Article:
Data were collected from July to November 2003 at seven recreational beaches along the North Carolina coast by means of an on-site survey questionnaire. An array of federal, state, and local municipalities manage the beaches under observation. Such governing agencies include the U.S. National Park Service, the U.S. Fish and Wildlife Service, the National Oceanic and Atmospheric Administration, the North Carolina Division of Parks and Recreation, and county and local municipalities. Questions were designed to demonstrate the full diversity of potential recreational beach experiences. Such variables include preferences for social attributes, natural attributes, and components related to administrative and managerial services.
A comparison between coastal visitors and coastal residents was conducted focusing on differences in importance levels that various attributes possess in creating a positive recreational beach experience. Beach users were asked to rate on a seven-point Likert scale how important a series of individual beach attributes are to them when visiting a coastal recreation area with a score of 1=not important and 7=very important. Survey respondents were also asked the question, do you consider yourself a visitor/tourist or a local, for the purpose of group comparison. A series of independent sample t-tests were conducted to compare the mean beach attribute scores of visitor and resident user groups.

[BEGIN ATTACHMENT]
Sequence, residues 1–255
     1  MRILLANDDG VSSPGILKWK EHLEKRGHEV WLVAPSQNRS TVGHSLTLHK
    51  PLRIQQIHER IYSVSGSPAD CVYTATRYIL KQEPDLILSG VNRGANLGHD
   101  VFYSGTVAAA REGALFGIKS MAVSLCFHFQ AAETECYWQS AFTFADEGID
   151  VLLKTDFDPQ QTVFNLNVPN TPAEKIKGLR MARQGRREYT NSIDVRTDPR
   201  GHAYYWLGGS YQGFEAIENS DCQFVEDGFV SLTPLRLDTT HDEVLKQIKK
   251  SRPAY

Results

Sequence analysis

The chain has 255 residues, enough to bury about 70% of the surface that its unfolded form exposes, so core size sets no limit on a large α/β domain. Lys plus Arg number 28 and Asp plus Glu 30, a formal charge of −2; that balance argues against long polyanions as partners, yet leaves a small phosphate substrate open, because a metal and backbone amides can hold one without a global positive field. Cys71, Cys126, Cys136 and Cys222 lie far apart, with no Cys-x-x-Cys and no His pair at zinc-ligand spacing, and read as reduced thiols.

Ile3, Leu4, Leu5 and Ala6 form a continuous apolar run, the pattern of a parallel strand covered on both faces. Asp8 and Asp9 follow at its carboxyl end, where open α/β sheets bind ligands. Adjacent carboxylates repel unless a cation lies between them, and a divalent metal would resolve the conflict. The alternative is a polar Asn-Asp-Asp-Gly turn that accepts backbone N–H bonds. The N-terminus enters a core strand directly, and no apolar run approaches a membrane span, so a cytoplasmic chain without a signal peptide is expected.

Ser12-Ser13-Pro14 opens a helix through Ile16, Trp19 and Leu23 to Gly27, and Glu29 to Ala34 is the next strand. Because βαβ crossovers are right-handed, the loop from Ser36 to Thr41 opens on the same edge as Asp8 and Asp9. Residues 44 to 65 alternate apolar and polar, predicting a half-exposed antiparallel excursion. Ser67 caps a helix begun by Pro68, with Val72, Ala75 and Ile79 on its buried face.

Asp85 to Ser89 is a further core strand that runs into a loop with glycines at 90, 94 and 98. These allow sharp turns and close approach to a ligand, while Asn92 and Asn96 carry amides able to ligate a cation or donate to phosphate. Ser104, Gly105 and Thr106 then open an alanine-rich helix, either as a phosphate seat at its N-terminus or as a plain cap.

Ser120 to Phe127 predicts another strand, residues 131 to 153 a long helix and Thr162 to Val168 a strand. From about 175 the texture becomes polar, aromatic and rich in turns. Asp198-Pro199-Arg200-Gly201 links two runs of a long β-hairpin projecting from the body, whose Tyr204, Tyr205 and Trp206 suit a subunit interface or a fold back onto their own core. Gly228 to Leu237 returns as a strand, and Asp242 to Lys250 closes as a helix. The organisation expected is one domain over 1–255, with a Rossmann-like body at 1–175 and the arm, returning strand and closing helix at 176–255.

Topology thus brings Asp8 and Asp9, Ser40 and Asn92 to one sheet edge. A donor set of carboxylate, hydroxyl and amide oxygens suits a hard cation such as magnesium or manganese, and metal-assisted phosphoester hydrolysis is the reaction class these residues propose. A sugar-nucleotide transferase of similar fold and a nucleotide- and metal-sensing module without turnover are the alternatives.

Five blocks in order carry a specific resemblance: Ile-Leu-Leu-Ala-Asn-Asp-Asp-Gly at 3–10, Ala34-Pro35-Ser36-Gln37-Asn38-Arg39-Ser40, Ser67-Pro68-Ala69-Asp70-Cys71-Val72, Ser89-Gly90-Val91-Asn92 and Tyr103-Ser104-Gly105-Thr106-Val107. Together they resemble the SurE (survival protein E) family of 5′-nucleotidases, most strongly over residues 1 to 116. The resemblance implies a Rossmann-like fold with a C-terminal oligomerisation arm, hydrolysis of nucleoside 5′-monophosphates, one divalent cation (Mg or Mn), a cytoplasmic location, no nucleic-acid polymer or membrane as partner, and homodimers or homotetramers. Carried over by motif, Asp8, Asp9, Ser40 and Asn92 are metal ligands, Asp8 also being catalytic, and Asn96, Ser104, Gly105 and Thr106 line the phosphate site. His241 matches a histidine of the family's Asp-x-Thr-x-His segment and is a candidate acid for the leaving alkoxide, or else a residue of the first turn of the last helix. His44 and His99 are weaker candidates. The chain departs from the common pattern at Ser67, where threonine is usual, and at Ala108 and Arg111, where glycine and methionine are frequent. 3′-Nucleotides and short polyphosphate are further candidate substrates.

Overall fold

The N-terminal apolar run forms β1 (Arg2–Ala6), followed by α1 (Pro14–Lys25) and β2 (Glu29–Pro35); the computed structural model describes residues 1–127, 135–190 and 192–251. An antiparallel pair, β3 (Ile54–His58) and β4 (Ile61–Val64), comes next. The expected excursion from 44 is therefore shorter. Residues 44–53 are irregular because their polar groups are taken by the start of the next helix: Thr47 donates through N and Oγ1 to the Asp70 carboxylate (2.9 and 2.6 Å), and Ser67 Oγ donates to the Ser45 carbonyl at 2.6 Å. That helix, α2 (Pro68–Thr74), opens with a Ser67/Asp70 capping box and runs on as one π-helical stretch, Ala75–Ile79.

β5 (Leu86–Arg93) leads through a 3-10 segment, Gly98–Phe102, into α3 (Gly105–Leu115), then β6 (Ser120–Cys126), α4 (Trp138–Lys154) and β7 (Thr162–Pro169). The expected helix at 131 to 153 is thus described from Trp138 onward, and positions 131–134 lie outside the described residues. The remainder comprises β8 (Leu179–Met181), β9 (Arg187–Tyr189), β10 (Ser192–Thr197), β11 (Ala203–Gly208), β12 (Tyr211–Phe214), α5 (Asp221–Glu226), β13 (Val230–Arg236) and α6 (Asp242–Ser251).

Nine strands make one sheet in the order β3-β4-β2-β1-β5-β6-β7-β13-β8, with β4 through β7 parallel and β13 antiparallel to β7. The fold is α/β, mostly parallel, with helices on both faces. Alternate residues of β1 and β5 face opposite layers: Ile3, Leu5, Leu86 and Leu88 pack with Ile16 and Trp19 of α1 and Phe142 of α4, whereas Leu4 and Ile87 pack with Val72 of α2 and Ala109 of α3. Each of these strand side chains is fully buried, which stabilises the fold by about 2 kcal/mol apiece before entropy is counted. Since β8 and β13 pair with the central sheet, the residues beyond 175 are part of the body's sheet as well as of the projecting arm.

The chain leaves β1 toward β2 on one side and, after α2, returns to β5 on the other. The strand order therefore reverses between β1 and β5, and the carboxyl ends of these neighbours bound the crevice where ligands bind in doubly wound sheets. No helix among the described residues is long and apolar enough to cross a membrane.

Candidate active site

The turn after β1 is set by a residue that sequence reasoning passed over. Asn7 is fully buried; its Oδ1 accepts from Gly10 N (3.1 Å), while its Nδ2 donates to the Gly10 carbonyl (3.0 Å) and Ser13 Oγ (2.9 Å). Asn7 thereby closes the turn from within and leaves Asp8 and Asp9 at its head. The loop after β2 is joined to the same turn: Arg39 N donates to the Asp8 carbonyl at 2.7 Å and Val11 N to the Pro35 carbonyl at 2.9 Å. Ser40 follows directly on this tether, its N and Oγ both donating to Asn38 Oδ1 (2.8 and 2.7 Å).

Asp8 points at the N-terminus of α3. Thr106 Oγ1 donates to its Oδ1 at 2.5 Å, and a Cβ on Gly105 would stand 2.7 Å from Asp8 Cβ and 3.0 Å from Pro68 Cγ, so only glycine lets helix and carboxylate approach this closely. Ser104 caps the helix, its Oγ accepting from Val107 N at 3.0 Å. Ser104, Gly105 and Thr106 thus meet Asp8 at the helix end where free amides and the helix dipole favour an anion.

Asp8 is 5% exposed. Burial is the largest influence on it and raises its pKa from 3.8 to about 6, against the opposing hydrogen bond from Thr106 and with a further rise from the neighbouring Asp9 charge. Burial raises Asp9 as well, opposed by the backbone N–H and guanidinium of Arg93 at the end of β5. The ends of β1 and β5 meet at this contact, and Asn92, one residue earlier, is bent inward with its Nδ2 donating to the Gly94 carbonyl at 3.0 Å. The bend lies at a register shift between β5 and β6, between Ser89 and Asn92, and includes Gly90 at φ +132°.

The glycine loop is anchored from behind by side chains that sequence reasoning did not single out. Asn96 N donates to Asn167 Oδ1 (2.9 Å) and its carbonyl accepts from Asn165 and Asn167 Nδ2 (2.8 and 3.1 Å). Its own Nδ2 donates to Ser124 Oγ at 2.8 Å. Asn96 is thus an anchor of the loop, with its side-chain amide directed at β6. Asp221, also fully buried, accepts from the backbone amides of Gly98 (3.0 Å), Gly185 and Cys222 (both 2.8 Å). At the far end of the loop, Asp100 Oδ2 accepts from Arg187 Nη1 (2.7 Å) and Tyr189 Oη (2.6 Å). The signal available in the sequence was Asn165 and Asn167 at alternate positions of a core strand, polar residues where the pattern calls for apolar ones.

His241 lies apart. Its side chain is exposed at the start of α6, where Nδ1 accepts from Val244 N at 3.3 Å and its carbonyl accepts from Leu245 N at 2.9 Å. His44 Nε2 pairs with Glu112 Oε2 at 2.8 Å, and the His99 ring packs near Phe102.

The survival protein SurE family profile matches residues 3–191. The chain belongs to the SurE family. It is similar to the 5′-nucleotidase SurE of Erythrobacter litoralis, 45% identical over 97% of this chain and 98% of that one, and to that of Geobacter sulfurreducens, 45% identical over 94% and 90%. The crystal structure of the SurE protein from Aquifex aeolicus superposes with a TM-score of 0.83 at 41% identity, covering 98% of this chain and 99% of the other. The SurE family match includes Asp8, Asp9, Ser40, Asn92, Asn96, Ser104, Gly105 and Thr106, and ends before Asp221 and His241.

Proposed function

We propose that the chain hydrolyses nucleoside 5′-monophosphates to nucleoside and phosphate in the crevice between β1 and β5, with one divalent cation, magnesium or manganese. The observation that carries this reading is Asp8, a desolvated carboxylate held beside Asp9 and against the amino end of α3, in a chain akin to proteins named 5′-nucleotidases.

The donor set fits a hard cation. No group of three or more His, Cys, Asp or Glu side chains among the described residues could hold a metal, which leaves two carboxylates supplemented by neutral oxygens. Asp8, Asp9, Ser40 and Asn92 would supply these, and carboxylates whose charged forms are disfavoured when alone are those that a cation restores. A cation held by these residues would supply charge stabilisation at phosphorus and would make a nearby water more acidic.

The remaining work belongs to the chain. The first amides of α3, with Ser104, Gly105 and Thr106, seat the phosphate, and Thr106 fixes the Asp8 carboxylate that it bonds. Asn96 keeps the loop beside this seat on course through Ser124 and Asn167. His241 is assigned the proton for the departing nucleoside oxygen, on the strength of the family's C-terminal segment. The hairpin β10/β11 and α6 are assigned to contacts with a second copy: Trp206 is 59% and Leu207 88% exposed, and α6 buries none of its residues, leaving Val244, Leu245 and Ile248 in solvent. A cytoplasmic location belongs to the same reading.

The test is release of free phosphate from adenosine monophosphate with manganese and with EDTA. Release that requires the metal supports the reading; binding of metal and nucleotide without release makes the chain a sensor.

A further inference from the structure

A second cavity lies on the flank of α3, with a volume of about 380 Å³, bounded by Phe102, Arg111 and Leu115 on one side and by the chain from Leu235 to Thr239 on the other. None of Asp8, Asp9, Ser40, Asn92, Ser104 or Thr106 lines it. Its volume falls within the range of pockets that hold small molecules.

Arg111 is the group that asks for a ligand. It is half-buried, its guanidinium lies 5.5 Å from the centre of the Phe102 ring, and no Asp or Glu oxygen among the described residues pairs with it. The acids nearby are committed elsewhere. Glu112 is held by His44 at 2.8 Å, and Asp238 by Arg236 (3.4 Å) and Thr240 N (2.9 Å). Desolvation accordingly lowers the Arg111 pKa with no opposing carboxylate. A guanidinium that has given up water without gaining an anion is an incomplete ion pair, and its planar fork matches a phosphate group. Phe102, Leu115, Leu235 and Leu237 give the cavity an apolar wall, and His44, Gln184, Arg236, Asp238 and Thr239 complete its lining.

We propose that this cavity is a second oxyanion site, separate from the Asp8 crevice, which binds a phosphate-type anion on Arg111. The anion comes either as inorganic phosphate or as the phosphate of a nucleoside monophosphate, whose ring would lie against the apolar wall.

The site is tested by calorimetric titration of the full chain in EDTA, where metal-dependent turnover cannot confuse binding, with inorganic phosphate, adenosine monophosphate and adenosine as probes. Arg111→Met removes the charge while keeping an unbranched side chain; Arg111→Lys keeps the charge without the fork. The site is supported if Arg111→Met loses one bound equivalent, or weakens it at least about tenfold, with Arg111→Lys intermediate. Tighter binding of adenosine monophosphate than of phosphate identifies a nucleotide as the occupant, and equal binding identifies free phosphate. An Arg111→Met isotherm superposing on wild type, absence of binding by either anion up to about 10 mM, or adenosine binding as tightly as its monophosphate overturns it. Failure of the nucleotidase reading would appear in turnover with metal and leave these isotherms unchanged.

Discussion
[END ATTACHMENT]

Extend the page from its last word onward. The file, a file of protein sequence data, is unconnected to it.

Discussion of Results
Many social attributes under observation were found to possess significant differences between beach visitors and residents. Socially, visitors reported significantly higher importance levels for safety and security, opportunities to relax, and the value an area possesses as a traditional family vacation destination. These items seem to naturally gravitate toward nonresident preferences. It is likely that residents of a coastal area would view other areas as their family vacation site of choice. Safety and security may not be as important due to a greater familiarity of their surroundings, and opportunities to relax would likely be greater away from their own "backyards" in a place farther away from work, responsibility, and daily logistics of life. Residents reported a significantly higher importance score for pets being required on a leash. While more traditional vacationers (nonresidents) appear to be more prone to letting their dogs run free on the seashore, residents may have greater awareness of problems associated with stray pets, such as harassment of nesting shorebirds and other beachgoers.